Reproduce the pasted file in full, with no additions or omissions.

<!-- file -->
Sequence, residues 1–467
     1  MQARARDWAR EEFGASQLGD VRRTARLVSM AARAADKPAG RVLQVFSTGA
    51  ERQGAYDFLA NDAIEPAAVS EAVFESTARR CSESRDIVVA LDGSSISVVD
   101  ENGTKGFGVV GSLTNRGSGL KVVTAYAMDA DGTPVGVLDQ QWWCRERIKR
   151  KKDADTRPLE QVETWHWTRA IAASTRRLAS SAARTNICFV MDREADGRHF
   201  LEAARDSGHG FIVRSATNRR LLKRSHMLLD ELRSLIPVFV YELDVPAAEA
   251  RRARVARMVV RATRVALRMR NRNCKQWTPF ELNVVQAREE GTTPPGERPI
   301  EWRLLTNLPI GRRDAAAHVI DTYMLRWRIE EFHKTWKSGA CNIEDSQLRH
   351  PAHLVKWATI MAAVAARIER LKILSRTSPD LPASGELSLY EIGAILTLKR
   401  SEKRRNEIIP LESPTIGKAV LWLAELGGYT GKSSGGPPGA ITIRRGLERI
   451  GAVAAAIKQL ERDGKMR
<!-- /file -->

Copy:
Sequence, residues 1–467
     1  MQARARDWAR EEFGASQLGD VRRTARLVSM AARAADKPAG RVLQVFSTGA
    51  ERQGAYDFLA NDAIEPAAVS EAVFESTARR CSESRDIVVA LDGSSISVVD
   101  ENGTKGFGVV GSLTNRGSGL KVVTAYAMDA DGTPVGVLDQ QWWCRERIKR
   151  KKDADTRPLE QVETWHWTRA IAASTRRLAS SAARTNICFV MDREADGRHF
   201  LEAARDSGHG FIVRSATNRR LLKRSHMLLD ELRSLIPVFV YELDVPAAEA
   251  RRARVARMVV RATRVALRMR NRNCKQWTPF ELNVVQAREE GTTPPGERPI
   301  EWRLLTNLPI GRRDAAAHVI DTYMLRWRIE EFHKTWKSGA CNIEDSQLRH
   351  PAHLVKWATI MAAVAARIER LKILSRTSPD LPASGELSLY EIGAILTLKR
   401  SEKRRNEIIP LESPTIGKAV LWLAELGGYT GKSSGGPPGA ITIRRGLERI
   451  GAVAAAIKQL ERDGKMR